As we move out of summer and into the cooler months its a good time give the old veggie patch a revamp. Say goodbye to that summer harvest and start sewing the seeds (literally - no puns here) for that winter crop.
And while it might seem too soon (no one wants to think about Winter until we really have to), its important to remember that winter crops are slower growers, and by setting up your veggie patches now you'll be ensuring a bountiful crop yield to come!
Patch, Pot or Plot
First things first - don't navigate away just because you live in an apartment or haven't got a garden. When talking veggie patches, I'm talking about anything you've got going that produces edibles. This could a be a simple herb pot on your kitchen window, or a few tomatoes growing in terracotta on the balcony. If you're lucky enough to have a garden with dedicated food production areas, even better!
Phase One: Slash and Burn
So "slash and burn" is just there for effect. It would have been much more apt to say something like 'pluck and pickle' but where is the drama in that? Basically, its time to pull out your summer veggies. Anything that is still going, consider pickling or making a little jam or chutney (green tomato chutney FTW!)
Everything else (stalks etc) can be added to your compost and then eventually go full circle and be added back to the beds. Circle of life baby!
Plant Runner Hot Tip 1: Add some Soil & Microbe Booster to your compost to speed up the breakdown of organic matter.
Phase Two: Replenish and Refresh
You're veggies will thank you if you provide them with rich, living soil. We're talking earth worms, compost and plenty of microbial life. If you have the space, and inground worm farm/compost is an easy and efficient way to keep your soil thriving. Turning through manure is great if you have a plot too, but for those of you rocking the balcony / potted veggie patch, adding some fresh mix along with our Bio Pellets is a great way to boost and replenish the soil. With over 240 million microbial colony forming units per gram, plus the added benefits of kelp, you can't go wrong.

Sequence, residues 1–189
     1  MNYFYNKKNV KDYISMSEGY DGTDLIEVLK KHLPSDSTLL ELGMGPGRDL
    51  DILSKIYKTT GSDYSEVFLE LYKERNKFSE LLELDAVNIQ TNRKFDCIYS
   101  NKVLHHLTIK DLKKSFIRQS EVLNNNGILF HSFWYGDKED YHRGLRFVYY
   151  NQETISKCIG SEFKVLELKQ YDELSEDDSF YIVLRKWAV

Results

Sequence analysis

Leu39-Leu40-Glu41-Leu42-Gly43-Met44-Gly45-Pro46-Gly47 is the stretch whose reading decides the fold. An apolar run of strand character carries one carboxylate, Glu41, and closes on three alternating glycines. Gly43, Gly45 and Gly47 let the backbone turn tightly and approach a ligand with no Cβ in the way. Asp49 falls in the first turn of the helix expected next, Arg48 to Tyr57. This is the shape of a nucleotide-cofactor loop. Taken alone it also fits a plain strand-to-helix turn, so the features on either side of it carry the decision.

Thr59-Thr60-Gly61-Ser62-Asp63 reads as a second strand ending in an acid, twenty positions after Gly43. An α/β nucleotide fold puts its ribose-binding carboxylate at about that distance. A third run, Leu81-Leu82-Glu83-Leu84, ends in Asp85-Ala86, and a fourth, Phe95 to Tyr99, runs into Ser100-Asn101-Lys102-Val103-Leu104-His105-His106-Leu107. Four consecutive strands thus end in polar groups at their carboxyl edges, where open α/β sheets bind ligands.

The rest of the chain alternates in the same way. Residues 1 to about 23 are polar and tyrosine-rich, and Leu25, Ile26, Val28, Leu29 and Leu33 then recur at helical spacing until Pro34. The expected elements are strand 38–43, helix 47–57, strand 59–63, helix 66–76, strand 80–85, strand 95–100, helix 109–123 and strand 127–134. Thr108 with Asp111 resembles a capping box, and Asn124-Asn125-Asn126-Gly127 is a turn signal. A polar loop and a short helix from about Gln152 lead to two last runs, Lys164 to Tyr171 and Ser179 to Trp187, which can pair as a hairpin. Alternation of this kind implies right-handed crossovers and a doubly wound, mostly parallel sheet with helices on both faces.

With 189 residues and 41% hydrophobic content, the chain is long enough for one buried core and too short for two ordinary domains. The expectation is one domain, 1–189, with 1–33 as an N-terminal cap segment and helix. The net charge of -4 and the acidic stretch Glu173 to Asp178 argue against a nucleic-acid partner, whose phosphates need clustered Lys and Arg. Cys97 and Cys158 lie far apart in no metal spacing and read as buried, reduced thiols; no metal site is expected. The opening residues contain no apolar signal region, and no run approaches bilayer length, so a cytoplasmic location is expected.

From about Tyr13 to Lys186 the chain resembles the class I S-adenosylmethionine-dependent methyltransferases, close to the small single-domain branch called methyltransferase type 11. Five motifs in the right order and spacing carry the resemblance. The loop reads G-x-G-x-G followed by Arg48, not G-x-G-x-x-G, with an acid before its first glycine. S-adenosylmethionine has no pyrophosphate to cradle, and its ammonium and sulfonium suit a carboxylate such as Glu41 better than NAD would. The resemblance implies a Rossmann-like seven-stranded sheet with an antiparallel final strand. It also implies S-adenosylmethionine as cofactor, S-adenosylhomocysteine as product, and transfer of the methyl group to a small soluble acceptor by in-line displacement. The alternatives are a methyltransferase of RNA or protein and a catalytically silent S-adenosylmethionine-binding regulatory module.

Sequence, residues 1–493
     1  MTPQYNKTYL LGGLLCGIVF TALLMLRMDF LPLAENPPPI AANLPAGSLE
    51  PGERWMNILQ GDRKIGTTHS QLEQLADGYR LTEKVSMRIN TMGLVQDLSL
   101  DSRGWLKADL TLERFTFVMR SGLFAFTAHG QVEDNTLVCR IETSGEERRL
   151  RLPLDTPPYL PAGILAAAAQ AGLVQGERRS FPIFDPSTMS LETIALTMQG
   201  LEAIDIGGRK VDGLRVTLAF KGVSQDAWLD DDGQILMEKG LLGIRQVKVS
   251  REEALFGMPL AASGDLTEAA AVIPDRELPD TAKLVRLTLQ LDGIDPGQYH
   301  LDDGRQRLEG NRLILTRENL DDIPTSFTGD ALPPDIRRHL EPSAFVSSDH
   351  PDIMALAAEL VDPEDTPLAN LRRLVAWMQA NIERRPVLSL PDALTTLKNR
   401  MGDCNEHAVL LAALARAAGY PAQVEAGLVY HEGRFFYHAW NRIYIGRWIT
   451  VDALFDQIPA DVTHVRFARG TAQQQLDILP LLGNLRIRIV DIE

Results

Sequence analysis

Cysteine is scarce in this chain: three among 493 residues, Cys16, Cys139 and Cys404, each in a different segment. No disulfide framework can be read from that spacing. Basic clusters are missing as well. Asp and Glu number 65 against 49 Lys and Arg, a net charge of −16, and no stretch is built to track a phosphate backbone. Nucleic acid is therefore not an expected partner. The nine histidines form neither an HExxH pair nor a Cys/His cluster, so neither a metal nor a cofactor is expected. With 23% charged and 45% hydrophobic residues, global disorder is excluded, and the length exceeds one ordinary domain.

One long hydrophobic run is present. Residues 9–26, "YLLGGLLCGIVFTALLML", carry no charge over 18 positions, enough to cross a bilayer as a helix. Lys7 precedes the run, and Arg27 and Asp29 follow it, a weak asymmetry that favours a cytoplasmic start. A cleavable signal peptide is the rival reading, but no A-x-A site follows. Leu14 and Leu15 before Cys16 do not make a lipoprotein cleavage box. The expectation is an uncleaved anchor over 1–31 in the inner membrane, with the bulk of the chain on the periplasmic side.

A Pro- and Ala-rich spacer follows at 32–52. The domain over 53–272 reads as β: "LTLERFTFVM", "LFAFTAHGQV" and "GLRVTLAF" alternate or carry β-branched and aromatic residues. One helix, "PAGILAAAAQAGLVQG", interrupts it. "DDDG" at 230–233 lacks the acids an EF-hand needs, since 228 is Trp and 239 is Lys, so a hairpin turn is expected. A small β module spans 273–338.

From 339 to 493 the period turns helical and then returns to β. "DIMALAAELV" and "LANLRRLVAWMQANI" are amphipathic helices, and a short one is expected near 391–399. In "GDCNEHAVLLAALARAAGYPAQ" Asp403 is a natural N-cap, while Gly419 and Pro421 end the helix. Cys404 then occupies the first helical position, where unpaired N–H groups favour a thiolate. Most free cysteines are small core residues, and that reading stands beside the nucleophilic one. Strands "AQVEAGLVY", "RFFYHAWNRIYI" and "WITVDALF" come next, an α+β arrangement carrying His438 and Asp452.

Phase Three: Aspect
Think about the Winter sun and how much light your new crop is going to receive. If you're working with pots, maybe give those guys a shift (if necessary) to maximise the amount of sun they're going to get, Remember - your veggies are going to need at least 4-6hrs of sun on the daily.
Plant Runner Hot Tip 2: For shadier areas, plant leafy greens like lettuce, coriander and silverbeet
Plant Runner Hot Tip 3: If there is an area that just won't get enough sunlight come Winter time, don't let it sit there! Plant some green manure crops so that you can turn them through the soil and add nutrients come Spring time. You can purchase green manure seed mixes from nurseries. Check out a few options here
Phase Four: Pest Management
In general, most pest populations quiet down over winter but you will probably notice increased slug and snail activity, as well as cabbage moth caterpillars. If you can, manual removal of these pests is ideal, but deterrents like beer traps and crushed egg shells (clean them first!) are great for the slugs and snails. Dipel is a good option for caterpillars. Planting flowering plants can also attract beneficial pests into your garden to help with maintenance. Marigolds, for example, help reduce nematode attacks while Nasturtiums are ideal companion plants for tomatoes, cucumbers, broccoli and cabbage.
Now that you've prepped your patch, it's time to select your crop. Below are some of our favourite winter veggies.
Beetroot, Broad beans, Bok Choi, Broccoli, Brussel Sprouts, Cauliflower, Carrots, Cabbage, Celery, Garlic, Lettuce, Onions, Peas, Parsley, Snow Peas, Spring Onions, Silverbeet
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